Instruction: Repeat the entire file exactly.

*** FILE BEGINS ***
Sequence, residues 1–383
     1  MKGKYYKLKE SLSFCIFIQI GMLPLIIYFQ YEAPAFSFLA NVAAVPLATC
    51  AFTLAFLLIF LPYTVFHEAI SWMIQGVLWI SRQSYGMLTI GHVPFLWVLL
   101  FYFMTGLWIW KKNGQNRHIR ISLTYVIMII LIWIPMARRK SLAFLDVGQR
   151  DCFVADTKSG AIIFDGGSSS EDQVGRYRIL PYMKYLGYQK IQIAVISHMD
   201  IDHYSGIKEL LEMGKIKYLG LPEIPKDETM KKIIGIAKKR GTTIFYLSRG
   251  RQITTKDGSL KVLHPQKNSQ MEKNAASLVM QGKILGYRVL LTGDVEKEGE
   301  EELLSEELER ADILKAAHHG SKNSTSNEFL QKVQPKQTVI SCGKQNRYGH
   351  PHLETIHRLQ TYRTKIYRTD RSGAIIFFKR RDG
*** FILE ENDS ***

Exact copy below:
Sequence, residues 1–383
     1  MKGKYYKLKE SLSFCIFIQI GMLPLIIYFQ YEAPAFSFLA NVAAVPLATC
    51  AFTLAFLLIF LPYTVFHEAI SWMIQGVLWI SRQSYGMLTI GHVPFLWVLL
   101  FYFMTGLWIW KKNGQNRHIR ISLTYVIMII LIWIPMARRK SLAFLDVGQR
   151  DCFVADTKSG AIIFDGGSSS EDQVGRYRIL PYMKYLGYQK IQIAVISHMD
   201  IDHYSGIKEL LEMGKIKYLG LPEIPKDETM KKIIGIAKKR GTTIFYLSRG
   251  RQITTKDGSL KVLHPQKNSQ MEKNAASLVM QGKILGYRVL LTGDVEKEGE
   301  EELLSEELER ADILKAAHHG SKNSTSNEFL QKVQPKQTVI SCGKQNRYGH
   351  PHLETIHRLQ TYRTKIYRTD RSGAIIFFKR RDG